- He has never passed stool with the enemas at the vet's; because of this, 2x he had a 'manual' clean out; and the last time we brought him home after the enemas when he did not pass it.
- these last 2 times;we were told when the 2 different vets palpated him that he was NOT constipaited.
- Now this: We have Linus because we saw him hit by a car as a stray kitten on a highway. We picked him up and took him to the vet; and ended up keeping him. He had had a broken pelvis ( in the 'growth plate). Thinking about the narrow pelvis; I called the vet last evening; I left a message on his machine; he called me back; here is what he said: Linus has a small growth spur from the accident ; he feels that it, like the slightly narrow pelvis, are not significant enough to cause a problem.

Here are my thoughts and questions:
- what is causing the pain and discomfort as stools pass or try to pass?
-Is he always doing this?
-Is this related to his accident ( even though our vet feels the bone spur and narrowed pelvis are so slight)?
- Could the constipaition that did happen relate to his 'holding it' because it hurts to go?( and therefore after the enemas and clean outs the delays again before there are more stools?)
-Should we pursue this thinking in some way?

Once again; thank you so much for your input Dr. Marie.

Here's my answer:

First of all, I am thrilled that Linus has had some normal stools since we have talked. You're right, this makes the idea of an obstruction an awful lot less likely.

Regarding the psyllium, I do feel that psyllium helps cats. I'm not a fan of pumpkin and high fibre diets. In the past we used to think that high fibre would help move stools along, but newer research suggests that the bigger bulkier stools can be a problem. However, psyllium does more than just bulk up stools. It does a lot of stuff for intestinal health.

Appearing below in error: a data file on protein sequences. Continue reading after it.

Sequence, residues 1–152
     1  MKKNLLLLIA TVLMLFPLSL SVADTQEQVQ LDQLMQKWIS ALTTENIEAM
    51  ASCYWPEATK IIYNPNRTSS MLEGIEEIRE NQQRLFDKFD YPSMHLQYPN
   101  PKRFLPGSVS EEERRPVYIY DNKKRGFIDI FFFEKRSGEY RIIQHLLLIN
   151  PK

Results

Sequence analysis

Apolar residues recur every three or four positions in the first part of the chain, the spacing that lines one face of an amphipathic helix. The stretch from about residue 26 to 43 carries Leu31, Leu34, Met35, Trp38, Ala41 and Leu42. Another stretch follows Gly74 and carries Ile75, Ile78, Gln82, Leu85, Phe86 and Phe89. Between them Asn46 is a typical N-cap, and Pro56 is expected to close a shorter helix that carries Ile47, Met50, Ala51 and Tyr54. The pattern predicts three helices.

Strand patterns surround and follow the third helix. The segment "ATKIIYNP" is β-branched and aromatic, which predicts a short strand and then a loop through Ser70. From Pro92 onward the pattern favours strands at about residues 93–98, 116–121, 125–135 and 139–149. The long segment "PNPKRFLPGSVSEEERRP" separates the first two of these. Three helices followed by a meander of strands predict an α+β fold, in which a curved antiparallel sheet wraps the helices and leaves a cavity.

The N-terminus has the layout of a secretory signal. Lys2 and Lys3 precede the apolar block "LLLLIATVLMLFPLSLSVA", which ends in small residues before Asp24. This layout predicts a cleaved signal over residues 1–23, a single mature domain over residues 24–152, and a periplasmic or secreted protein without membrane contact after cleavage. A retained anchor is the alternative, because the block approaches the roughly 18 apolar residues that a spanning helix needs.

Did you ask your vet about the Medi-Cal Gastro Response food? The company that makes this food has put an awful lot of research into getting the exact right amount of psyllium and other ingredients to help the most with intestinal health.

I'm not sure what to tell you about the narrow pelvis. My gut instinct is that if the pelvis was too small for stool to pass then we would be seeing very small this wouldn't be an issue that comes and goes. It's hard to comment on the bone spur as I can't see the xrays and examine Linus. I suppose it is in theory possible that he has some off and on pain in his pelvis. If this is the case that when he is having some pain he may be reluctant to get into the position to posture for defecation and as such he holds his stool for too long and it gets harder for him to pass. If this is the case, then the anti-inflammatory may help. The problem will be in knowing whether he needs it long term or not.

The problem with cases like this is that we rarely know exactly what the cause of the problem is.

Hopefully that answers your questions. So glad to hear that things are "flowing" better now!

Dr. Marie.

Online vet, Dr. Marie

Dr. Marie replied:

Thanks so much for the bonus and the kind words in your feedback!

Dr. Marie.

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Dr. MarieDr. Marie is a veterinarian who practices in a busy animal hospital in Ottawa, Ontario. She created Ask A Vet Question as a resource for good, accurate veterinary advice online. Dr. Marie treats dogs, cats, hamsters, guinea pigs, and rats. She has been a vet since 1999.